In Search of a Question: Interrogating the ‘/’ [slash] within discourses of inclusion.
This thesis uses poststructural theory to question how language shapes educational policy and practice. It starts from the premise that the tendency for categorising knowledge as binary opposites, whilst potentially useful, also encourages polarisation, is reductive, and produces closure. Thus, by interrogating the â€˜/â€™ [slash], the boundary between the pairs, the intention is to produce a different, more equable, productive, and openly uncertain way of questioning unresolved educational dilemmas, hence the search for a question. Educational inclusion/exclusion foregrounds this research.
It did not start out this way. As a scientist, a zoologist by training, and steeped in the rigidity of scientific method, the original study concerned proving a hypothesis, using questionnaires to collect the data and followed by some sort of statistical analysis. However, this approach did not acknowledge the complexity, nuances and shades of meaning within the language of inclusive education that I wished to explore. Poststructural theory offered a different strategy and interrupted my positivist thinking throughout.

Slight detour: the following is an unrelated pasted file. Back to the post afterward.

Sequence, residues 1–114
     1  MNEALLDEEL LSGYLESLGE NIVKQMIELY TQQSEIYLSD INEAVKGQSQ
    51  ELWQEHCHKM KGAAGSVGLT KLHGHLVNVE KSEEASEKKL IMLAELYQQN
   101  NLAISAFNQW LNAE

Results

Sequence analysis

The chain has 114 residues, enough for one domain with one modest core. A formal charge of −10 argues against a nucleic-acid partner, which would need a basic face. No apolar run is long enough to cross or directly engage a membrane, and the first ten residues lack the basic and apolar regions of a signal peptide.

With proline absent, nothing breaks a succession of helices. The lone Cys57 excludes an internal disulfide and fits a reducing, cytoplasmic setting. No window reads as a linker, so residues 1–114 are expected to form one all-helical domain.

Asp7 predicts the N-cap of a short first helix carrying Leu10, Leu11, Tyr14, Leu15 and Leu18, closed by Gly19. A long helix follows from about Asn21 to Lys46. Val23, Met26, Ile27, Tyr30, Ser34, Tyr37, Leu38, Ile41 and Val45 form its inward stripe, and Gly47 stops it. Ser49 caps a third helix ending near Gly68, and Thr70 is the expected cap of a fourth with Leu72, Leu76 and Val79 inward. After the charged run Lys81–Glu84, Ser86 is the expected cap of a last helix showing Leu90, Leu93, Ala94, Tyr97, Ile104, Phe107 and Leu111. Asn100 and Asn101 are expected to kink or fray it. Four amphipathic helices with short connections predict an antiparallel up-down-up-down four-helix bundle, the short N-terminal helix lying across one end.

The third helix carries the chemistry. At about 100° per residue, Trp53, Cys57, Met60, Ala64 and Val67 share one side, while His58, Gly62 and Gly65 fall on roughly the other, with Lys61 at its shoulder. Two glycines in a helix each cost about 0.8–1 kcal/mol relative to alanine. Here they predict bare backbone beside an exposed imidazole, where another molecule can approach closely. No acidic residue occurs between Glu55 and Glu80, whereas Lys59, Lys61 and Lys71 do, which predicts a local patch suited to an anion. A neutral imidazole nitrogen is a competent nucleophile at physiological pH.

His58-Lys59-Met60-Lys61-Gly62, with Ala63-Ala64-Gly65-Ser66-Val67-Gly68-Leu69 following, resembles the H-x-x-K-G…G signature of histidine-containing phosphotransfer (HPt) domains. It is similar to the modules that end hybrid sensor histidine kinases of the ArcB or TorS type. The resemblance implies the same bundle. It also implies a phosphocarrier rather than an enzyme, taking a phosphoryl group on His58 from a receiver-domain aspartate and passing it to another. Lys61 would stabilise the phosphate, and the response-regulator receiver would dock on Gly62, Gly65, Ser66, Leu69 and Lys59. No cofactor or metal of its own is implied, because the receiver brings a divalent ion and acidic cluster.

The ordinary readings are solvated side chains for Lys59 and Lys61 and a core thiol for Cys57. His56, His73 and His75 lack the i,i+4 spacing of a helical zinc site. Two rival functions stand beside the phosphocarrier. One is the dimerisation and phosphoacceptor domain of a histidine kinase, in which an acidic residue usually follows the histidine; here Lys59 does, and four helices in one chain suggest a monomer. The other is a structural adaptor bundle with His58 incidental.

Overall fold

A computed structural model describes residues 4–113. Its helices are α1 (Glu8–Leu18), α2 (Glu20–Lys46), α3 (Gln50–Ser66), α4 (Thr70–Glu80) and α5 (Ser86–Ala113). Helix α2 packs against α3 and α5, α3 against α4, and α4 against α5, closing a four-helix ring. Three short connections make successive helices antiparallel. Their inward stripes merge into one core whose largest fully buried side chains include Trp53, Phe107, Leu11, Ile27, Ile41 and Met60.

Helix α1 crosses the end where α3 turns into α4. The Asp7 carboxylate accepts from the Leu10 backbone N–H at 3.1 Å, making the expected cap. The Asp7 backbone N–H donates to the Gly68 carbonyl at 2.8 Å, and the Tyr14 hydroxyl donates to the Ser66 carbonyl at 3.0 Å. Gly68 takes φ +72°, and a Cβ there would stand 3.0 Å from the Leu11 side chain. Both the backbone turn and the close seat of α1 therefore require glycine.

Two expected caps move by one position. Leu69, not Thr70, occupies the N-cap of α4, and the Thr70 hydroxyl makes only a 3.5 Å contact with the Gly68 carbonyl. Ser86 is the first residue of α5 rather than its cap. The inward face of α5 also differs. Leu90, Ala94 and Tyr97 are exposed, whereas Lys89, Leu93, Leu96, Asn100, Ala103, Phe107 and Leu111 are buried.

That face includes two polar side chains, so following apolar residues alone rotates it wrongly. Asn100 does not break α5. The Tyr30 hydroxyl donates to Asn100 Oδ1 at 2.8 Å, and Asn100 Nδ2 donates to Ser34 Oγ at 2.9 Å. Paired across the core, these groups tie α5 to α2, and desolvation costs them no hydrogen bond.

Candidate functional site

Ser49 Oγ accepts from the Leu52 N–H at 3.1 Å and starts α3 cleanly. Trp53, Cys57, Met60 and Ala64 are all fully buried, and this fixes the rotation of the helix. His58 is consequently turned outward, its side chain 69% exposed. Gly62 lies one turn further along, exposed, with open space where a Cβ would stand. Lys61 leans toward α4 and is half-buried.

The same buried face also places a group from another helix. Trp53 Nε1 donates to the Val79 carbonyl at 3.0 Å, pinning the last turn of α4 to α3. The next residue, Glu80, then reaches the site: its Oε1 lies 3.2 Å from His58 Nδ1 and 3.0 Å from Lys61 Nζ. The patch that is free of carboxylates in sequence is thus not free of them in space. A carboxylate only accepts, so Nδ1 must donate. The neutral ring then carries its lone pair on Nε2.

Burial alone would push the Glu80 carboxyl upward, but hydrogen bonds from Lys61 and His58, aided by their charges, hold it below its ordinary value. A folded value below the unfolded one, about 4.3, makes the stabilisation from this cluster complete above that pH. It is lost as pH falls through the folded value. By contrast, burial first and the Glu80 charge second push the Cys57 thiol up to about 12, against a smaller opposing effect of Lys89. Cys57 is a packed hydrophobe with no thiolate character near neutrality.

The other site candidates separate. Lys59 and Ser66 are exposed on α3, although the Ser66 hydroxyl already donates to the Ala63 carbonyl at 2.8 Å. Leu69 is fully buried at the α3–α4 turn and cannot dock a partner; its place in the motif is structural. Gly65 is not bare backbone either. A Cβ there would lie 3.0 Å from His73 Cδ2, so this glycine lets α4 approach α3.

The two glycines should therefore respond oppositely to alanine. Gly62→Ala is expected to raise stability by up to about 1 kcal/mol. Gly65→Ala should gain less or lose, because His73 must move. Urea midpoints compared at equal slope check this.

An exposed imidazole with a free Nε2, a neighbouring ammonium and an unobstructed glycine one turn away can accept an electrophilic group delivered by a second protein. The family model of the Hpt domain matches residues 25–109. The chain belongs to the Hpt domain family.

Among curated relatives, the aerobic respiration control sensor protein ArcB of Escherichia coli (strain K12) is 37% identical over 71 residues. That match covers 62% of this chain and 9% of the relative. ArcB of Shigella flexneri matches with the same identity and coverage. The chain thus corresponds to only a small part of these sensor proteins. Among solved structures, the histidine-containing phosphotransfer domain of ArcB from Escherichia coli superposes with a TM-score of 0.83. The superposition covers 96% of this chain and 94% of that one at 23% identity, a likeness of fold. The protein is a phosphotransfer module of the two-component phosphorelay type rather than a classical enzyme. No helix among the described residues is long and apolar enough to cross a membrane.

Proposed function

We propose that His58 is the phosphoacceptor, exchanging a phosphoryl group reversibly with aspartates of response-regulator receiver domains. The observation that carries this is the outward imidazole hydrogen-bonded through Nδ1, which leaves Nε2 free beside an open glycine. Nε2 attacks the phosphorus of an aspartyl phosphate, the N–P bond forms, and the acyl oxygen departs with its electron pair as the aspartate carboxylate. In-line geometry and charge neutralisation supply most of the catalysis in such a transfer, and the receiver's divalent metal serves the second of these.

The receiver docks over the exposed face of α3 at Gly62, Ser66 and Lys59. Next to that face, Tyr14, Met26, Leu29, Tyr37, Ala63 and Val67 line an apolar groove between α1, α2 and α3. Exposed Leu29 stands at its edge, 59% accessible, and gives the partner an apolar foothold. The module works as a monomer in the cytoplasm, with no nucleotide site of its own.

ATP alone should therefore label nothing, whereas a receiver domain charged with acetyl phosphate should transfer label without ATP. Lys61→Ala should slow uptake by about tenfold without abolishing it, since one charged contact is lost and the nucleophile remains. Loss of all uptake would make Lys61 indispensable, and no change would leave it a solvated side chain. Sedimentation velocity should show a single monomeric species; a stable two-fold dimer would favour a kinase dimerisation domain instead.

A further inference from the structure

Thus, a Foucauldian approach has been used to interrogate the inclusion/exclusion binary in the literature. Searching for the historical a priori is followed by an interrogation of the different discourses and the power relations therein. An empirical analysis succeeds the textual analysis, for which data was collected in the form of interviews. Called participatory interactions, secondary teacher educator colleagues were asked to talk about inclusion, and activatory phrases were used to stimulate discussion. Poststructural interruptions about ethics suggested an innovative method of discourse analysis developed using Derridaâ€™s metaphor of a postcard, in which he enacts the performative stance of deconstruction.
Aspects of the data that troubled the inclusion/exclusion binary are presented as verse alongside a reflexive response that stimulates theoretical discussions called â€˜new lines of flightâ€™. On the reverse side of every postcard is a photograph, a graphic representation of some feature pertaining to the data selected, and the stamp is a picture of the philosopher whose work inspired the theorisation.
Interrogating the â€˜/â€™ [slash] reveals the complex interplay of each side of the binary and surfaces a system of ethics regarding legitimation. The final chapter, therefore, proposes a deliberate ethical interruption â€“ an interruption of practice in order to interrupt practice. Professional practice should be deliberately interrupted by research in order to interrupt oppositional binary thinking. This research should have a deliberately ethical component foregrounding personal values and attitudes. As a consequence, inclusive education could be reconceptualised. The current discourse of a failing educational experiment might then be transformed into an ethical project worth going on with.